“You get what you pay for” is the phrase we all quote when something inexpensive breaks or doesn’t work as it should. There are lots of products for sale that will do exactly the same thing, but at varying levels of cost and quality. When buying a new product, we all make decisions about what’s important to us. Should we buy the cheaper home brand laptop? Or the more expensive one that has a well-known brand name on the front and a large company backing it?

Most often I choose a quality product over a cheaper alternative, because I believe that in the long-term it will end up costing me less. The quality product is less likely to have problems and need to be sent away for repair. And invariably the more expensive option looks and feels like a better built product.

The same principles should apply to the ERP software you purchase. The more expensive options will have a strong focus on integration. This can save you a lot of money, time and trouble in years to come. For example, if your sales orders are currently keyed and processed in one system and you go out and buy a stand-alone software package that allows you to send and receive sales orders via EDI to all of your major customers, you now have to double-key information into both systems. This introduces the risk of data errors, plus you have to pay more licensing fees for this stand-alone product. And you have the cost and inconvenience of the double entry required.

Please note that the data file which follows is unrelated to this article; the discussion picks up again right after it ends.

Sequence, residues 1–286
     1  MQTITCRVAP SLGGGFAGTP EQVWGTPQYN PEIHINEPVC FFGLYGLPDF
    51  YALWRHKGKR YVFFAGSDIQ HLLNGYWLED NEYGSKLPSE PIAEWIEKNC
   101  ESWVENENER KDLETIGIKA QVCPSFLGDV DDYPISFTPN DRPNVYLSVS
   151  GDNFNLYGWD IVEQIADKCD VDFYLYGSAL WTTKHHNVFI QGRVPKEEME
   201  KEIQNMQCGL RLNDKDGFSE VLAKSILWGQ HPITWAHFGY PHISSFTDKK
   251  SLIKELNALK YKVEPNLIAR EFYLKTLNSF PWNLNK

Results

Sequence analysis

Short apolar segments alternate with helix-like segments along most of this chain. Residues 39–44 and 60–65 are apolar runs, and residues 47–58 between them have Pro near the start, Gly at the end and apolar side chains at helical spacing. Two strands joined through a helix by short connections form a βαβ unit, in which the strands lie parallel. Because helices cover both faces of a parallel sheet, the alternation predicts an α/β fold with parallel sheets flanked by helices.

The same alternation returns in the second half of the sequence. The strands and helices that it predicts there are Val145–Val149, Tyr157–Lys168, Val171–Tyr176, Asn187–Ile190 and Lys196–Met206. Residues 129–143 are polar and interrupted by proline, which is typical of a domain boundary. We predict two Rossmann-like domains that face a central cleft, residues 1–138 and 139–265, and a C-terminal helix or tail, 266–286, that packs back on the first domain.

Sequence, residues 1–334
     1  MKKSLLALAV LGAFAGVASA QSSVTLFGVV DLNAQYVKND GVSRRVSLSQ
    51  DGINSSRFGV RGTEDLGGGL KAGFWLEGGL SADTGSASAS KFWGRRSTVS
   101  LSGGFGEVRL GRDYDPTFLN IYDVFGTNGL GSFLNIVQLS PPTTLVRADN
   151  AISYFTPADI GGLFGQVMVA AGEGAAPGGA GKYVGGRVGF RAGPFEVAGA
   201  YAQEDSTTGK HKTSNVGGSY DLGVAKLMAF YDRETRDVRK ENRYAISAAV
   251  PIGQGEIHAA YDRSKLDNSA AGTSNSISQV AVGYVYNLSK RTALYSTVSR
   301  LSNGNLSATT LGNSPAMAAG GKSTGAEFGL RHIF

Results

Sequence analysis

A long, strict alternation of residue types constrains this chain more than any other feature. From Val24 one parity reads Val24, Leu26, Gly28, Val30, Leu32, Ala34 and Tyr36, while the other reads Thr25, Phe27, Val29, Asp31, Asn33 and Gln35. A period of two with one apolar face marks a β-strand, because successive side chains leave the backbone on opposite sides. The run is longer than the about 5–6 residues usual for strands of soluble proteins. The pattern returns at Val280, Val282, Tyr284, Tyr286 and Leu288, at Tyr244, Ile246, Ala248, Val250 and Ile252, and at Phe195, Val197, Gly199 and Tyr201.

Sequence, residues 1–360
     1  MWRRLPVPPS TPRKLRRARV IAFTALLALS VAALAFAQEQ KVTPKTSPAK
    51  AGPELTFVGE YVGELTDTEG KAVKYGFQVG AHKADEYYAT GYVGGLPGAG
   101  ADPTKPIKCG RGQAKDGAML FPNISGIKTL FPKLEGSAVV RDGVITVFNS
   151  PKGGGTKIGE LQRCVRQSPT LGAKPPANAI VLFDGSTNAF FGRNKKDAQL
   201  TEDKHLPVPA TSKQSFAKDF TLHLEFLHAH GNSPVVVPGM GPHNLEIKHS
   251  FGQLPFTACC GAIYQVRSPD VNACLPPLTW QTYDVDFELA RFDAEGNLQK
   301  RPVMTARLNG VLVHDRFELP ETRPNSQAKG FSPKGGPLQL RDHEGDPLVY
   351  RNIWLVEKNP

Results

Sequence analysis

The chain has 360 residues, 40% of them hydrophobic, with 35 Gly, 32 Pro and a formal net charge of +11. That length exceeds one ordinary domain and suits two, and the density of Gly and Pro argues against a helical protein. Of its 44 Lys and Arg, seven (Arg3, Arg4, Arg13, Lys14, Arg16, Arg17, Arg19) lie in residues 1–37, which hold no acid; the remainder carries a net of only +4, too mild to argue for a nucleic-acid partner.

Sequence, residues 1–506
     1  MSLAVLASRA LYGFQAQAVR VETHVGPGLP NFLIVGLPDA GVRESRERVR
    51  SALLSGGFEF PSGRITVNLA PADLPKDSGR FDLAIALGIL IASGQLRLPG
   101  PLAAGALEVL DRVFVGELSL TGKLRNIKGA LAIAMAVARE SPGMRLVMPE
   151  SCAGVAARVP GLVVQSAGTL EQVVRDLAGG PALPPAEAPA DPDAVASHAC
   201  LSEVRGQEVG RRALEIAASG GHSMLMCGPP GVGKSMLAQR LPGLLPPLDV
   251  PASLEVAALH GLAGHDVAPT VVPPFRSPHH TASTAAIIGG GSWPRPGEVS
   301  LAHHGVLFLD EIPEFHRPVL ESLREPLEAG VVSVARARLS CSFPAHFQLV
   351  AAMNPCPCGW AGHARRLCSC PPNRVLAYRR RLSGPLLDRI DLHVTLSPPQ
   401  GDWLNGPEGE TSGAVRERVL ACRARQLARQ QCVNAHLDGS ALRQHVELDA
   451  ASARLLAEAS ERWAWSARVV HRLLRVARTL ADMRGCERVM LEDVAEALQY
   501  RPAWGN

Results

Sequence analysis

If you have invested in an ERP like Microsoft Dynamics NAV you can simply choose a certified add-on (ensuring a quality product), which allows you to keep all of your information in one system (saving time), and entitles you to free upgrades when a new version of the add-on is released (saving money). These certified add-ons will always be a more sustainable, efficient solution.

In the case of software packages, “You get what you pay for” tends to be true.

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Written By Sam Kosky

Sam implements and supports Microsoft Dynamics NAV systems. The majority of his projects have involved custom solutions development to suit clients’ specific industry requirements. He has also integrated registered NAV add-ons such as eDocument, EDI, and Mobile WMS. Sam joined Fenwick in 2009 after spending time with the company in 2008 on a five-month Industry Based Learning placement as part of his Bachelor of Information Technology degree from Swinburne University.

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